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Science explains why you crave that tomato goodness on airplanes

Cornell researchers just gave you an excellent excuse to order a bloody mary (or four) the next time you fly the friendly skies, as if you needed one. According to a study published in the March volume of the Journal of Experimental Psychology: Human Perception and Performance, the sensory changes that happen in an airplane at altitude have an odd effect: They enhance your taste for “umami” flavors, something tomatoes have in spades.

“Our study confirmed that in an environment of loud noise, our sense of taste is compromised. Interestingly, this was specific to sweet and umami tastes, with sweet taste inhibited and umami taste significantly enhanced,” said Robin Dando, assistant professor of food science. “The multisensory properties of the environment where we consume our food can alter our perception of the foods we eat.”

Airplane food has long been the butt of standup comic jokes, largely for its bad taste. A decade or two ago, no one was sure (or bothered to care, at least) why that was – most people assumed a lack of effort on the airline’s fault, since they were serving an extremely captive audience. If not that, then maybe caution about dietary guidelines for things like salt and fat were to blame. But as more research was done on the topic, it became more apparently that eating – and tasting, specifically – is a multi-sense event.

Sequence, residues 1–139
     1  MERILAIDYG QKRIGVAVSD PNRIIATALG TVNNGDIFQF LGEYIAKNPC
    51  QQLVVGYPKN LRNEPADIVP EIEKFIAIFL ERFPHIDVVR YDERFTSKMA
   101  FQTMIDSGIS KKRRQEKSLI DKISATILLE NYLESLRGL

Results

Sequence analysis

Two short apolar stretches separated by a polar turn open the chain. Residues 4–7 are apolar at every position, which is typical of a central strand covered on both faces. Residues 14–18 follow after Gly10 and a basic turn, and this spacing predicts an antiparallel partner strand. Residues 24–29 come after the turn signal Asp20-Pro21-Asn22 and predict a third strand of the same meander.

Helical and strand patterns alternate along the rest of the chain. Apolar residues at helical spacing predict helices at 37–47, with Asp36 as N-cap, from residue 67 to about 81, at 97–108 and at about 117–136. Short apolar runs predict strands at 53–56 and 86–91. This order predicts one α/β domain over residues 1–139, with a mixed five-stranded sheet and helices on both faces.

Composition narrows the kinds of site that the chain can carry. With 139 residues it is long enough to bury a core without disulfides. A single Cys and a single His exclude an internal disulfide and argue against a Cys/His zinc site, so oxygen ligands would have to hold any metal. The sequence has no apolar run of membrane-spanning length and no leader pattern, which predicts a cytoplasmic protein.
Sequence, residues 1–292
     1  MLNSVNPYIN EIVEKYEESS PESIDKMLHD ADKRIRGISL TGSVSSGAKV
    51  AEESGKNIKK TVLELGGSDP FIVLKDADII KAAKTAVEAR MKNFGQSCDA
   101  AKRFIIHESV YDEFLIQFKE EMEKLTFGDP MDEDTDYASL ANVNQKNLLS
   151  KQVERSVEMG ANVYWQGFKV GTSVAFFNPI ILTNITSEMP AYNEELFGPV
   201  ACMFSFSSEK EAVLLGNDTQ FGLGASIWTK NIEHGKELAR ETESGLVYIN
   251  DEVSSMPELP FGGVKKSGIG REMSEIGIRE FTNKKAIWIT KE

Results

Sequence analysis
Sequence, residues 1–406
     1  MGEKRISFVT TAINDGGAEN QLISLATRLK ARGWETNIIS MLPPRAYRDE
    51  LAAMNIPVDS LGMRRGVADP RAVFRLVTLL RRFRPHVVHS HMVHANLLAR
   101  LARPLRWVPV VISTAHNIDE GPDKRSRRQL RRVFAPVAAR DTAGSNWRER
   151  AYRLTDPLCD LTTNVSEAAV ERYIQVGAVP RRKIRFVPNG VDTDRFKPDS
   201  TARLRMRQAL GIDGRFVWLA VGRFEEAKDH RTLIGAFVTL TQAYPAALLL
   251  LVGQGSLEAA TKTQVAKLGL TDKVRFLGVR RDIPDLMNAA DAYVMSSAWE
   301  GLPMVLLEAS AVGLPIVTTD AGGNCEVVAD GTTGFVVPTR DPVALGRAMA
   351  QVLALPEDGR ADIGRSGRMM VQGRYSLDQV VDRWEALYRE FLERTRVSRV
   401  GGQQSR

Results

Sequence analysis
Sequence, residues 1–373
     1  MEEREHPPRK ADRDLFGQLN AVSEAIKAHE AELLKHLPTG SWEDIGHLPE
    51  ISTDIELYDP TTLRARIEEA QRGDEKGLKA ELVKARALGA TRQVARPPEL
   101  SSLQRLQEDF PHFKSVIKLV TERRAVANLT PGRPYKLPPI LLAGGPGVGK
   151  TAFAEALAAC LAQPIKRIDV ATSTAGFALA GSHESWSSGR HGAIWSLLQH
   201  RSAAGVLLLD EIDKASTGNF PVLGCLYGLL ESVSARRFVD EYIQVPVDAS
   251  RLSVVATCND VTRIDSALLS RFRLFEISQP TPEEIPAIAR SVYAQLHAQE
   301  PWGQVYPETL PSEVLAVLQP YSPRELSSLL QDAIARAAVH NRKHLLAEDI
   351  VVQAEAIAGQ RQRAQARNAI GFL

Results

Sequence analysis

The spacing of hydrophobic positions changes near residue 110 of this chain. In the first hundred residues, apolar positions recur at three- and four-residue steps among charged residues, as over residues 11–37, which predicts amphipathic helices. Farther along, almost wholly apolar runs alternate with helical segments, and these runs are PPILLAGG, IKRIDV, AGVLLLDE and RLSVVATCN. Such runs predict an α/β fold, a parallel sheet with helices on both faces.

The biggest culprit is the air: Incredibly dry and typically cool, it has a remarkable effect on our sense of smell, upon which our sense of taste is heavily dependent. Without the ability to smell food properly, even a fine meal will taste comparatively bland. This latest research finds that sound evidently plays a part too. The study was commissioned when German airline Lufthansa noticed passengers ordering tomato juice at the same rate as beer.

“The multisensory nature of what we consider ‘flavor’ is undoubtedly underpinned by complex central and peripheral interactions,” said Dando. “Our results characterize a novel sensory interaction, with intriguing implications for the effect of the environment in which we consume food.”

Umami is a Japanese word, and it describes a fifth taste beyond salty, sweet, bitter and sour. It’s English translation is “savory,” and it refers to foods that have a meaty, sumptuous flavor to them. What it actually describes is the way we perceive glutamates, an amino acid found in everything from meats to mushrooms to the flavor enhancer MSG.

Parmesan cheese is another high-glutamate food, so a pasta dish with red sauce would probably incredible in that enhanced environment. Worcestershire sauce – a key ingredient in most bloody mar mixes, hint hint – is also an umami superstar.